I'm working on Mac OS X which is shipped with several binaries mostly located in
/usr/sbin/. Since it doesn't have a native package manager like some Linux distros, I got used to managing my own binaries, building and installing in
This way, I am able to fully remove a package from my system at the cost of manually update the
PATH and the
MANPATH variables in the
Here is a simple example:
Mac OS X ships with ant 1.7.0, located in
/usr/bin. I need to use the latest version, so I download it from Apache and then unzip (build) it to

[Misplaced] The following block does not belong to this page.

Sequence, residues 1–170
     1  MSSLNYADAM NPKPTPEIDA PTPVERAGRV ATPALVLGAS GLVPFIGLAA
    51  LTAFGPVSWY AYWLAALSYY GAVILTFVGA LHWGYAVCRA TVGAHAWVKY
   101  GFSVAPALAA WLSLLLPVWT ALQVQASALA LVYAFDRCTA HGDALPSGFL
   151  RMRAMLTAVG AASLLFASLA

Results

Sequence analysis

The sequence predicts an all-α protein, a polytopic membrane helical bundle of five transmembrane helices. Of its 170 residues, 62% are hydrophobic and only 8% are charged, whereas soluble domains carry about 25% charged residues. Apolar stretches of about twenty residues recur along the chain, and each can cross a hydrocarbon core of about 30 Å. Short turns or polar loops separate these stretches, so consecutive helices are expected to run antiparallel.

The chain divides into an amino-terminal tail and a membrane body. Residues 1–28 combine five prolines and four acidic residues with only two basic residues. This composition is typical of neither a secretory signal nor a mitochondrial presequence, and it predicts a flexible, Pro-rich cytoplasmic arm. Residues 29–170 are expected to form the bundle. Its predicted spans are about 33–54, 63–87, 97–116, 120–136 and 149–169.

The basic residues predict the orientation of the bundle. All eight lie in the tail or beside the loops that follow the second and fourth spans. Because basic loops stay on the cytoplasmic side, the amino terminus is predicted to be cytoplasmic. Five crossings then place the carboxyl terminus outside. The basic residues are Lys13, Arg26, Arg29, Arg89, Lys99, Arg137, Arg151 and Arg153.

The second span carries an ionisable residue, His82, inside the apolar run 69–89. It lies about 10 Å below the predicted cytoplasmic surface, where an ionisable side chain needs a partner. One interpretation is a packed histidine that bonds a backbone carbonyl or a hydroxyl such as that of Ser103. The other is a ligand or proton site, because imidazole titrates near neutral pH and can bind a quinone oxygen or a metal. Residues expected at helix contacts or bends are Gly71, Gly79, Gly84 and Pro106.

/usr/local/apache-ant-1.8.2. Then I update my
.bashrc file with:
# Mac OS X original PATH PATH="/usr/bin:/bin:/usr/sbin:/sbin:/usr/local/bin:/usr/X11/bin" # Apache Ant 1.8.2 PATH="$PATH:/usr/local/apache-ant-1.8.2/bin" export PATH
I make sure to export the
/usr/sbin/ before the
ant/bin/ because there are often other binaries besides the
ant that I don't want to override.
The problem is that when I type
which ant I get
/usr/bin/. So I rename the
/usr/bin/ant-old in order to work with the latest build.
While this works, I want to know if there are better approaches to replacing a system binary (mainly to avoid the last rename).